E-mail: ijlee@cs.newcastle.edu.au, mark@geog.psu.edu

Ordinary Voronoi diagrams have gained popularity to model discrete point data sets, because they achieve the two issues above, namely, they uniquely model spatial proximity in points and algorithms and data structures exist for fast dynamic update using local spatial proximity. The information of spatial proximity is explicitly stored within the dual graph (the so-called Delaunay triangulation). So, a certain degree of "what-if" analysis is possible when points are updated using ordinary Voronoi diagrams. However, the ordinary Voronoi diagrams are informative and meaningful only when points have identical weight (relevance, interest or growth rate) or only when the nearest neighbour is the only relation of concern.

Indeed, a large number of domains demand "what-if" analysis of more
relations. Often, requiring (1) the *k*-th nearest neighbour (for
example, the *k*-th nearest hospital in case *k*-1 nearest hospitals
are closed or fully occupied), (2) the order-*k* nearest neighbour
(the *k* nearest customers for business marketing), (3) the ordered
order-*k* nearest neighbour (the ordered *k* nearest police stations
in case emergency occurs), (4) the farthest neighbour (the farthest area
from the pollutant) and (5) points having different weights (shopping centres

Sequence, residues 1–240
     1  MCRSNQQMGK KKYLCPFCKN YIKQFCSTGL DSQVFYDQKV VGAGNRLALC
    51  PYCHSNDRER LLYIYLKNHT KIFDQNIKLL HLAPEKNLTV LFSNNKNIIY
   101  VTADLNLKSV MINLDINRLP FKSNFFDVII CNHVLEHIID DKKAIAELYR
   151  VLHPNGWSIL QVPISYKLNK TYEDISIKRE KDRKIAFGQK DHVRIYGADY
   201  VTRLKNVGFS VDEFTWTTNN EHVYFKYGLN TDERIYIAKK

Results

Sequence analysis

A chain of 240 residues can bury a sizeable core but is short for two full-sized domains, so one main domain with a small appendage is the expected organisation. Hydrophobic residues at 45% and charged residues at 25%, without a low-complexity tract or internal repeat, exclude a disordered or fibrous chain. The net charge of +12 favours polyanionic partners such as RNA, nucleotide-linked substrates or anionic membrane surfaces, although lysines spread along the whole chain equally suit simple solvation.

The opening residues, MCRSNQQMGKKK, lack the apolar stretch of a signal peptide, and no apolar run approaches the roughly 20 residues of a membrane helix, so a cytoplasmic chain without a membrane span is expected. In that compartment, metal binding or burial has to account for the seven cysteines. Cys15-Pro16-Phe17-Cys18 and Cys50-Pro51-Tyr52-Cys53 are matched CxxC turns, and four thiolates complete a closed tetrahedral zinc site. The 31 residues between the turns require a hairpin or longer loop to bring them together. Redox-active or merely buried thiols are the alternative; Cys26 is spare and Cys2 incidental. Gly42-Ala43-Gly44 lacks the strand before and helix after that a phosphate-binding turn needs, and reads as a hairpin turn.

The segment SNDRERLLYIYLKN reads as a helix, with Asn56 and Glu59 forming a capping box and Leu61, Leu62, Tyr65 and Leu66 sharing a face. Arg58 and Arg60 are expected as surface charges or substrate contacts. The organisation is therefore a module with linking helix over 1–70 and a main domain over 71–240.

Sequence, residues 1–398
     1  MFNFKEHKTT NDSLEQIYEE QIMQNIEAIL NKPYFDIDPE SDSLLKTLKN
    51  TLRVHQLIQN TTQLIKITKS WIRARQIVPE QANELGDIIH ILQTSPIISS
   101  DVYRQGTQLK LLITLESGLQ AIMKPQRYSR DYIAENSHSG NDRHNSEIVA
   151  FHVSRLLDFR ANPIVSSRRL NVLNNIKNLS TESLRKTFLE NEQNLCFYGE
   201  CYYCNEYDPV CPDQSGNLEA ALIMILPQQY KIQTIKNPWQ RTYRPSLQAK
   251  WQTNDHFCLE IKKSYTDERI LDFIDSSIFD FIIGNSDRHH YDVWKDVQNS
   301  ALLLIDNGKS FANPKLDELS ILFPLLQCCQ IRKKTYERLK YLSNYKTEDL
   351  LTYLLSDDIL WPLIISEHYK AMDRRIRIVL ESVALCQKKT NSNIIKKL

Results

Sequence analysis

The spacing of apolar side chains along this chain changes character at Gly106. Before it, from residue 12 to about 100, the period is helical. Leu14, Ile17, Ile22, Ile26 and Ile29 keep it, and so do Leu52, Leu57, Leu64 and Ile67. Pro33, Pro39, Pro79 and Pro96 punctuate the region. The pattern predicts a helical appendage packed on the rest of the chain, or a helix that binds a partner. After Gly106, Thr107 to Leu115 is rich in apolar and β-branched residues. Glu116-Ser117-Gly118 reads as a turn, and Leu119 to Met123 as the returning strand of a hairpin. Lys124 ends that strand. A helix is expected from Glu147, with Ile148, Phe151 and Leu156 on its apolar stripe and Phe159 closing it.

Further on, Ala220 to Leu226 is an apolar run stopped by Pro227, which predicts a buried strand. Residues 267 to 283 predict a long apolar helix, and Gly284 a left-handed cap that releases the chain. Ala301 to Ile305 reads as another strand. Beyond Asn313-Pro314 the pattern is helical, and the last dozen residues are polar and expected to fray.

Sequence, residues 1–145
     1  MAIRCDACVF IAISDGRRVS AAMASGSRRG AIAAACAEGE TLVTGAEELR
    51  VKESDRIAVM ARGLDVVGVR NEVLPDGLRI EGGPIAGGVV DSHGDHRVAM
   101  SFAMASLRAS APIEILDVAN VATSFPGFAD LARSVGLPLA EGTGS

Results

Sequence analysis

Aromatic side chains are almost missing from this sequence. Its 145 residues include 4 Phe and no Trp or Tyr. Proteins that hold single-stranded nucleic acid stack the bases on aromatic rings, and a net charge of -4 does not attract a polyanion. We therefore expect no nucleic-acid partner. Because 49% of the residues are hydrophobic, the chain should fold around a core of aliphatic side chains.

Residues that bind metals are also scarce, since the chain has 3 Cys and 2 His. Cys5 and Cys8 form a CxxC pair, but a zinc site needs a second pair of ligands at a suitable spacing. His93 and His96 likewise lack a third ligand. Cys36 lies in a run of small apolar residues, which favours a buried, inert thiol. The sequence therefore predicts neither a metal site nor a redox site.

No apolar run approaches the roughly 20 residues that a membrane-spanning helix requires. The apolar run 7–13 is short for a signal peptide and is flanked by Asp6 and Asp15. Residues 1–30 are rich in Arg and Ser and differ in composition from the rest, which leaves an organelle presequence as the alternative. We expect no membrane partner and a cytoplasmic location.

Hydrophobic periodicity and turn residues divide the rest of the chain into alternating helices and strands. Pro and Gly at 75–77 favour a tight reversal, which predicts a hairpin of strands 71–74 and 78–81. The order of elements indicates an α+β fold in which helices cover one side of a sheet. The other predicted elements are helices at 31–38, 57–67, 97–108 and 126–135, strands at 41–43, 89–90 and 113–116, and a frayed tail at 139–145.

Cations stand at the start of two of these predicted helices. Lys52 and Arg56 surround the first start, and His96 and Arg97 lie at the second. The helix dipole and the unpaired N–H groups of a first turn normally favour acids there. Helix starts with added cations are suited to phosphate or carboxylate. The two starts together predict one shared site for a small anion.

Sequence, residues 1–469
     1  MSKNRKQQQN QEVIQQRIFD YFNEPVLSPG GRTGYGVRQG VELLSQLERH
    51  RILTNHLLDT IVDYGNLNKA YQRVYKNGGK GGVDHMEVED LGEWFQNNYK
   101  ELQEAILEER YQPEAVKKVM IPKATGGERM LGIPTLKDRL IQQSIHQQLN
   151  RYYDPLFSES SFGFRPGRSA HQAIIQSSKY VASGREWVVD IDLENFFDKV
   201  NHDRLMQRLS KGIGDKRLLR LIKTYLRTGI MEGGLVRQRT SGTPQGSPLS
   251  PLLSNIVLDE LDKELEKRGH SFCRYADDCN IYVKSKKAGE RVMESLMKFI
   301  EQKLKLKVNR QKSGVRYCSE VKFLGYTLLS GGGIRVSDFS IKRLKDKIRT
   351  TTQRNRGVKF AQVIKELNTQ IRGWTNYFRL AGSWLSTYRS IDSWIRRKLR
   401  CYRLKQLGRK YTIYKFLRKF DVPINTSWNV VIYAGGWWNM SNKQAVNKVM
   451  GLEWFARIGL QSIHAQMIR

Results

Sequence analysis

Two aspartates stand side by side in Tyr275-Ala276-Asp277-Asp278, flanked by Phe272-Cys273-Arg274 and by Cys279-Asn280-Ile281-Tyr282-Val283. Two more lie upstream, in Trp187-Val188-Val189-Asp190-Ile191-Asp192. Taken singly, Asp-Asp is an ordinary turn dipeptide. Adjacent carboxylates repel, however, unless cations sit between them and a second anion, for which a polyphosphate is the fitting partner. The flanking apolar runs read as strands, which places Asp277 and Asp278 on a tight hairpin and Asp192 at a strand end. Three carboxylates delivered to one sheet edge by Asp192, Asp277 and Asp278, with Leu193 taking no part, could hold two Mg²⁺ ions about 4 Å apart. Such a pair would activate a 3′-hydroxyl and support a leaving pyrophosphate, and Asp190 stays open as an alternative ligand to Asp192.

having different facilities result in different catchment areas). All these
five additional relations are modelled by generalised Voronoi diagrams:
(1) *k*-th nearest-point Voronoi diagram, (2) order-*k* Voronoi
diagram, (3) ordered order-*k* Voronoi diagram, (4) farthest Voronoi
diagram and (5) weighted Voronoi diagram, respectively. In this demonstration,
we present a GUI environment for "what-if" analysis when points have all
the different meanings (distance concepts and weights) just mentioned.

The implemented application utilises our innovative common data structure, which supports jointly the ordinary Voronoi diagram and the five generalisations. This data structure holds spatial adjacency information with respect to generalised Voronoi vertices. That is, it is possible to derive all generalised Voronoi diagrams from this single data structure without storing the variants explicitly. In addition, spatial proximity information is easily retrieved, including generalised Voronoi regions and neighbours. Further, we demonstrate the ease by which our application facilitates compare and contrast amongst all the Voronoi diagrams within a common data set. Alternation from one diagram to another is also easily performed. In summary, our product enables users to effectively construct and interact with much more comprehensive "what-if" scenarios that could involve applications analysing complex cost functions or involve risk factors.

Download the application: voronoi.exe